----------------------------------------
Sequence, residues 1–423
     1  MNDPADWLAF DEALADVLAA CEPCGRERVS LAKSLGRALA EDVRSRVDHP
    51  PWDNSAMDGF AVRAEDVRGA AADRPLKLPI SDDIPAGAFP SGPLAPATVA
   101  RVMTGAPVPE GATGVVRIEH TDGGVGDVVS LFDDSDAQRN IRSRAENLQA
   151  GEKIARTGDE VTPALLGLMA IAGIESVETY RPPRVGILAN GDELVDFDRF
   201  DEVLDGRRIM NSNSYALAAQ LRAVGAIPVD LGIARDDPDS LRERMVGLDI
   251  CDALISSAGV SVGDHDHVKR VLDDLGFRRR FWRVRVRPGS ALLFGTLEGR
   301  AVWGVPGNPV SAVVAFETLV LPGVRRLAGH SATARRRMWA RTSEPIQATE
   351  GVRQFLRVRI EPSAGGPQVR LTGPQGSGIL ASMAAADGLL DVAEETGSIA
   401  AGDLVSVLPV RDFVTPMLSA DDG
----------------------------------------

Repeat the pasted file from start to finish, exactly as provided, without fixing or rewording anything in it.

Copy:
Sequence, residues 1–423
     1  MNDPADWLAF DEALADVLAA CEPCGRERVS LAKSLGRALA EDVRSRVDHP
    51  PWDNSAMDGF AVRAEDVRGA AADRPLKLPI SDDIPAGAFP SGPLAPATVA
   101  RVMTGAPVPE GATGVVRIEH TDGGVGDVVS LFDDSDAQRN IRSRAENLQA
   151  GEKIARTGDE VTPALLGLMA IAGIESVETY RPPRVGILAN GDELVDFDRF
   201  DEVLDGRRIM NSNSYALAAQ LRAVGAIPVD LGIARDDPDS LRERMVGLDI
   251  CDALISSAGV SVGDHDHVKR VLDDLGFRRR FWRVRVRPGS ALLFGTLEGR
   301  AVWGVPGNPV SAVVAFETLV LPGVRRLAGH SATARRRMWA RTSEPIQATE
   351  GVRQFLRVRI EPSAGGPQVR LTGPQGSGIL ASMAAADGLL DVAEETGSIA
   401  AGDLVSVLPV RDFVTPMLSA DDG